Where did you move to?

I went on the road with Kier. This was the summer of '96 and I did a tour called Enit. I stayed with [Funtone USA Records'] Dick Richards in Atlanta.

What are you up to these days besides DJing?

I've been working on my memoirs and I've got all these photographs. I've had a cable access show, Tennavision, for 20 years. It's on Channel 56, Monday nights at 12:30. For the last year, it's been on autopilot and I've been running reruns. Recently I reran the one with [late drag star] Sweetie. I'm gonna start producing new episodes. Before there was Youtube, there was Tennavision. I had an in at the record companies and wanted to fill that gap MTV wasn't doing when they shifted to reality shows.

Who's your idol?

I want to be like Dolly Parton. In a conservative Christian home, they're playing her gospel album. Go to a lesbian biker bar and they're playing "Jolene." Turn on WBLS and Whitney's singing "I Will Always Love You." Go in a gay bar and they're playing "Baby, I'm Burnin." On a Caribbean island, you hear "Islands in the Stream." Dolly has universal appeal. That's what I've wanted, where you can't put me in a box. Dolly always said, "I'm not leaving country music, I'm taking it with me." At 52, I still have my dreams and I'm still hoping for mainstream success.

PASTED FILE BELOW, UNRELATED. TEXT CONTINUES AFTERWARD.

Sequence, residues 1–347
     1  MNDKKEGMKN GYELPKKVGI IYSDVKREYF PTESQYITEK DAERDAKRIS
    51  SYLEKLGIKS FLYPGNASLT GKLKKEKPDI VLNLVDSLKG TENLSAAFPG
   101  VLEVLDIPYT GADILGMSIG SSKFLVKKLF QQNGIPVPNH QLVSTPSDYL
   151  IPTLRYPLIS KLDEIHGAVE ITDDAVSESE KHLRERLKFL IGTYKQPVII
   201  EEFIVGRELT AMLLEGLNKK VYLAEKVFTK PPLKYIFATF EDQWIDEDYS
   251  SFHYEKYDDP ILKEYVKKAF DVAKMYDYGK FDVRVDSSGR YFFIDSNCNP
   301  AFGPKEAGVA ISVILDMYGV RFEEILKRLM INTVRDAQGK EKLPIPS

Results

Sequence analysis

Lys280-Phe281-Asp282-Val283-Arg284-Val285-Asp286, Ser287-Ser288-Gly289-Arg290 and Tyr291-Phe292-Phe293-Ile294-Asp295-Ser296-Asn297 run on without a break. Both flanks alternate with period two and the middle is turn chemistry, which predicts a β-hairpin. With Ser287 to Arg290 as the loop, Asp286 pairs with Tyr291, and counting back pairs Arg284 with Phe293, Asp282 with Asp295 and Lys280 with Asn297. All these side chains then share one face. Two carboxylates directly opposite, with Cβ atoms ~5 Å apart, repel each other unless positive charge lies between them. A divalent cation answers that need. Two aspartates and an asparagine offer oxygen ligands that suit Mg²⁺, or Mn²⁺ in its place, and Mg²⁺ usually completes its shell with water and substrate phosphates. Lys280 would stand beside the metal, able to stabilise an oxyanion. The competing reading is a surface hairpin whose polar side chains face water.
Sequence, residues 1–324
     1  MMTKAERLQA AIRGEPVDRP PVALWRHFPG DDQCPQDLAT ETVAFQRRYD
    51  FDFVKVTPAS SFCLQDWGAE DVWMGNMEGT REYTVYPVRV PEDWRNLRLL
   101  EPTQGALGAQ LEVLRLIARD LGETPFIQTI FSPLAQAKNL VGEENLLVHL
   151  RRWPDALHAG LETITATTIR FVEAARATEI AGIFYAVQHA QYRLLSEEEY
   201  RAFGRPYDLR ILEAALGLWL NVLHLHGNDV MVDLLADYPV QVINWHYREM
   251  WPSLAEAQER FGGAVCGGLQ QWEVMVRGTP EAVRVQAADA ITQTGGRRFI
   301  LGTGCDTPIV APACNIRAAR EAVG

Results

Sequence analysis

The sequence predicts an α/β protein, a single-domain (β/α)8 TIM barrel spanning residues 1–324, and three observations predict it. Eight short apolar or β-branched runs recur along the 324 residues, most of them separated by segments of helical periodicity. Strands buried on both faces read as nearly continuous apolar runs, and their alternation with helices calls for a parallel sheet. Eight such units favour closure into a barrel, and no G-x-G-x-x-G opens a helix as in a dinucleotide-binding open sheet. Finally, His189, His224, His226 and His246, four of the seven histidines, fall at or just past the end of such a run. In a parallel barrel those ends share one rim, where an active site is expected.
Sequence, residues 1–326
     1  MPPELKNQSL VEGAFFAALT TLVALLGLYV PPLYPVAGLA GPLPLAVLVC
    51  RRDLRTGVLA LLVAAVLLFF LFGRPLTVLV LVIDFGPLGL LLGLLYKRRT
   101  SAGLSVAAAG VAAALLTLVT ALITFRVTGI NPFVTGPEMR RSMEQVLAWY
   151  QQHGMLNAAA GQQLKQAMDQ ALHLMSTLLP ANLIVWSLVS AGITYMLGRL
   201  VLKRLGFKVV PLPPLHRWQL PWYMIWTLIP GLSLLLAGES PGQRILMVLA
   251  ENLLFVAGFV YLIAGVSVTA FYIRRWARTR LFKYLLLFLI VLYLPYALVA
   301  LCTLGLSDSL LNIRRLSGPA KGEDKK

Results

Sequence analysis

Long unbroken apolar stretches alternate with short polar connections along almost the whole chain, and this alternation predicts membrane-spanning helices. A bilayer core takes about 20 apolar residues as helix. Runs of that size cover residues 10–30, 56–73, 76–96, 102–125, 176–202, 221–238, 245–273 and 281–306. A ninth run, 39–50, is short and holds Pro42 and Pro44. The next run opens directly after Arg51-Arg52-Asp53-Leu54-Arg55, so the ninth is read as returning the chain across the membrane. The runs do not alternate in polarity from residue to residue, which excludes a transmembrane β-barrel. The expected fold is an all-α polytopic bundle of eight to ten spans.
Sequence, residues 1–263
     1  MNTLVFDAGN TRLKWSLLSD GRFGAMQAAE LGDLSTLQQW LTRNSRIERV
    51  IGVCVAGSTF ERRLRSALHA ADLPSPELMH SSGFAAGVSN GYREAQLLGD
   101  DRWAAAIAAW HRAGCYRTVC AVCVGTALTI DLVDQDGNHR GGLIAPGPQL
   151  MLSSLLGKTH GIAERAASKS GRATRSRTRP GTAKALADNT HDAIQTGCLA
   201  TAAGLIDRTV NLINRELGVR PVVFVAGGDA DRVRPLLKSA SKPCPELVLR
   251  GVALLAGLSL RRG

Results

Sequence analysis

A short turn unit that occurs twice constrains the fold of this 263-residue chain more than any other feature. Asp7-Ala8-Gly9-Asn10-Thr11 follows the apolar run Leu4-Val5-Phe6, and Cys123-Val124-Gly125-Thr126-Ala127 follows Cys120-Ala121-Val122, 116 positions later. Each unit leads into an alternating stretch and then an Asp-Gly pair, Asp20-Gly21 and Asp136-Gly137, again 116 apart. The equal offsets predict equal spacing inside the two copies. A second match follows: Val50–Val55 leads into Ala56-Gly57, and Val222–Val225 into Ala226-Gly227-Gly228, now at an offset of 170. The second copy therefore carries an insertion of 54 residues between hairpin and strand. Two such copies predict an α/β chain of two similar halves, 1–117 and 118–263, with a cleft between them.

Image via Young Richard